You must accommodate life or else it will punish you.
It was a joke. Captain Jakob Störr (Gijs Naber) is cajoled into meeting his con artist friend Kodor (Sergio Rubini) at a fancy restaurant while on shore leave to help spy on a business partner double-crossing him. Störr had recently been told by his ship’s cook that the stone in his gut was a longing for love rather than food poisoning, so Kodor’s prompt for fake small talk inevitably leads to the captain declaring his need for a wife. The guy is only half listening, but nobody can hear what comes next and not pay attention. Störr says his job keeping him away from home so many months of the year means the lucky woman could be anyone. He’ll even propose to whoever walks through the door next.
The rest, as they say, is history. The Dutchman is guilted into paying for Kodor’s drink before the latter scurries away, so he sticks around to finish his own when a pretty Frenchwoman named Lizzy (Léa Seydoux) enters the frame. Störr uses the proposal as his opening line and it’s funny enough to earn him a seat before she nudges him into helping ward off another potential suitor. Long story short: the marriage happens and he’s practically out to sea the following day. The stone disappears, his apartment gets redecorated, and it initially appears as though their whirlwind affair might last. Except this is a very long story. Almost three hours long. So don’t be surprised when the honeymoon phase’s end leads Störr’s pragmatist to jealousy.
And thus begins The Story of My Wife—Ildikó Enyedi‘s adaptation of Milán Füst‘s novel (with some “Flying Dutchman” thrown in). The book subtitles things with the word “Reminiscences” while the film uses “Flounderings” to describe the roundabout route Störr takes post-nuptials. As a bachelor he had no allusions about the presumed infidelity any relationship with an absentee husband would spark. He agreed it was part of the deal and, to his credit, lived up to that sentiment. When discovering Lizzy may have been with a drunk man he never met, Störr looks the other way. Why not? She’s with him when he’s home and it’s not like they really know each other outside of the bedroom. More time together equals stronger love, though. And that equals possessiveness.
The first hour or so is quite captivating as a result because we peer into what looks like an open marriage. Störr gets what he wanted when popping the question and Lizzy is free to do whatever she desires when he’s away. The introduction to a potential lover (Louis Garrel‘s Dedin), however, changes things. Suddenly “his” time is being sacrificed. While Störr is left to converse with Lizzy’s friends, she’s off flirting with this well-connected loafer mere feet away. Does Störr have a leg to stand on considering the precedent he set earlier? No. Do we sympathize with him? Again, no. But it is fun to watch and predict whether Störr will finally blow or not—especially the more we see him being manipulated by everyone around him.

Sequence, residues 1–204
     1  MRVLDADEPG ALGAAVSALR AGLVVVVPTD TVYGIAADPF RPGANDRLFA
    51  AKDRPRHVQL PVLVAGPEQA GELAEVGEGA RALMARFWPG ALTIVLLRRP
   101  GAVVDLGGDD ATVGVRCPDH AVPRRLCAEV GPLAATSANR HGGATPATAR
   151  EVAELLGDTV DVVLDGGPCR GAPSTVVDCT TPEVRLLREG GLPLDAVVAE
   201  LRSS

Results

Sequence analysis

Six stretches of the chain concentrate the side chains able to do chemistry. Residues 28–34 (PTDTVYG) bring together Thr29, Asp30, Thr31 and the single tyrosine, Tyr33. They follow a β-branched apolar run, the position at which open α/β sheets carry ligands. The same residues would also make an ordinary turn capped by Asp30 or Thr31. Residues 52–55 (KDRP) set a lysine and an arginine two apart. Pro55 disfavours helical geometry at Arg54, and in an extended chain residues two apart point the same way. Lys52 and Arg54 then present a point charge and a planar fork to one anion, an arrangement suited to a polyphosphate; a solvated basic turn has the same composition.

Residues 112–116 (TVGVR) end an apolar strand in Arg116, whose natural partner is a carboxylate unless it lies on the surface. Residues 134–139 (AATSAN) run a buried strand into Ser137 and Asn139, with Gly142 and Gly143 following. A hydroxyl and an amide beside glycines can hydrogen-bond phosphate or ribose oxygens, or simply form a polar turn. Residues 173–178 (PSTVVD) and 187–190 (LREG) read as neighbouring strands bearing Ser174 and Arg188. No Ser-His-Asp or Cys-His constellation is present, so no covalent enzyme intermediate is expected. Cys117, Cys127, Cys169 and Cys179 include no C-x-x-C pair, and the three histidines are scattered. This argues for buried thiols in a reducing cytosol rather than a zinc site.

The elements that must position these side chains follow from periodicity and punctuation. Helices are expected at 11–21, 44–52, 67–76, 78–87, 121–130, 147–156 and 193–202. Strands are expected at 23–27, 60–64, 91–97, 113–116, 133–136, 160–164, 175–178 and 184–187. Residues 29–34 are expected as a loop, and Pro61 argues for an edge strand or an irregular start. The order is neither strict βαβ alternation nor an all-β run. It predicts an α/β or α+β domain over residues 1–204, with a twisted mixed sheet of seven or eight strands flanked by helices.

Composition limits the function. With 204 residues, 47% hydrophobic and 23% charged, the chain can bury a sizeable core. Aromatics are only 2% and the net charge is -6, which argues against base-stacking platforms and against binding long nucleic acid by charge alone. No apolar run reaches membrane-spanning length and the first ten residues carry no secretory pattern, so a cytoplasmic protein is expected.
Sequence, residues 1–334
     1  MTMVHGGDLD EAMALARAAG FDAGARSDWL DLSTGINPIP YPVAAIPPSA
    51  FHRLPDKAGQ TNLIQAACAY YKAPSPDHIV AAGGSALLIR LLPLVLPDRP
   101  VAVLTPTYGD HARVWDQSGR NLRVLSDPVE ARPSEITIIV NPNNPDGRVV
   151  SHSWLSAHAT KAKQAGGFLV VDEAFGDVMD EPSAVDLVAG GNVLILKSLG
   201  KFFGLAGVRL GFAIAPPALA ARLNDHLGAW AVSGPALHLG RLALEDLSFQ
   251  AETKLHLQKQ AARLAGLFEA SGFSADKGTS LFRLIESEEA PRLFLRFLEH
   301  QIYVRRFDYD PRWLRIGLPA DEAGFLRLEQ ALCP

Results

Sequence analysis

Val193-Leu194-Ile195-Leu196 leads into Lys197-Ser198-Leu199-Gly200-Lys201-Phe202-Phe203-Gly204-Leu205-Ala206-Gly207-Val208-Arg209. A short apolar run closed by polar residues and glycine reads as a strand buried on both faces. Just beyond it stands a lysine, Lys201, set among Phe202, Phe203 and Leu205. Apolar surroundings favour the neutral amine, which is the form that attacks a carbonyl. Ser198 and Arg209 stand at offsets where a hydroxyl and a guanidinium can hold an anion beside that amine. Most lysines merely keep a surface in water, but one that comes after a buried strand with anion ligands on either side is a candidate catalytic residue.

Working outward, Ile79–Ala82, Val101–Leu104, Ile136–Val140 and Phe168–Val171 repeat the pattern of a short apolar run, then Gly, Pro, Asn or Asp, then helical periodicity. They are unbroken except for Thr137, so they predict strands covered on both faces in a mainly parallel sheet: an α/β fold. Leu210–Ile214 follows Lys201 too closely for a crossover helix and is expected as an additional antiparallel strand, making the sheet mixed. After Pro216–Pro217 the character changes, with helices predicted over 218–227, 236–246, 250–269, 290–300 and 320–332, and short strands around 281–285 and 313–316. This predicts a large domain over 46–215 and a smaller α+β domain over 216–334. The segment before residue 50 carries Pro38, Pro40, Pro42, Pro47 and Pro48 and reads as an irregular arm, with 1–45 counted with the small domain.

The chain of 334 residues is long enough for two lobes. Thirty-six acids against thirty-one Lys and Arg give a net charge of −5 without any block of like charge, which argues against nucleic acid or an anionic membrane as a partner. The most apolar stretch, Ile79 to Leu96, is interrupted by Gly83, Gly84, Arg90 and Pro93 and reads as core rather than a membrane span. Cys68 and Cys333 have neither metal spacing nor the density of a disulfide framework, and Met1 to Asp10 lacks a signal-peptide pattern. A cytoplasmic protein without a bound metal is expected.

Störr’s attempts to turn the tables backfire every time. A play at making Dedin jealous earns him a cut under his eye from Lizzy. A desire to threaten Dedin leads to a job opportunity. Eventually each decision Störr makes has less to do with expanding his career and more to do with keeping a vigilant eye on his wife. Yet doing so only makes her grow tired of his domineering attitude. The easy, free-wheeling nature of the joke that thrust them together is all but gone and his desperate pursuit to rekindle it through proximity constantly leaves him alone anyway. Lizzy would be dumb not to tell him what he wants to hear only to renege at the last second. She has him eating out of her hands.
And then comes the switch through a change in scenery. Eventually we’re wondering if Störr had simply been jumping to conclusions the whole time. Maybe Lizzy, Dedin, Kodor, and practically every other character in the film hasn’t been manipulating the captain after all. Perhaps he’s just been drowning in deceitful thoughts to the point where his brain can’t process anything but betrayal. Talk about a cursed man destined to sail an uncontrollably turbulent sea of his own making. He might have had it all and yet his petty machismo reared its head to ruin everything. It even leads him to stray as beautiful women (Luna Wedler‘s Grete and Jasmine Trinca‘s Viola) seemingly throw themselves at him. His lust, however, is no match for his faithful heart.
I think either possibility—Lizzy being unfaithful or Störr sabotaging his happiness—could have made a great film alone. Conversely, three hours of both perpetually alternating back and forth to render the inherent intrigue into monotonous repetition does not. It also doesn’t help that the original unspoken dynamic makes it so we can never fault Lizzy for wanting happiness. Things get muddled when divorce is bandied about and violent arguments turning calm becomes the standard, but everything is built upon that construct and thus always ensures Störr is the one holding the blame. I get the metaphor of love being the ocean and this captain being unable to moor, but it gets lost a bit when we’re made to watch the literal fireworks over and over again.
It’s hard not to acknowledge how good the pieces are, though. Seydoux is fantastic. The way she needles her husband with a playful severity is wonderfully drawn because you know he’s going to explode only to have her look back, unfazed and in control. Naber is quite good too in the opposite direction. He’s forever moving from light and carefree to dark and vengeful with little room in between. Such extremes make his Störr easily malleable when out of his element. His determination on the water can move mountains, but he’s barely able to stand in place onshore. Put those performances in sumptuous period set dressing with alluring cinematography and Enyedi is firing on all cylinders but one: length. The script is simply too unwieldy to ignore.
courtesy of TIFF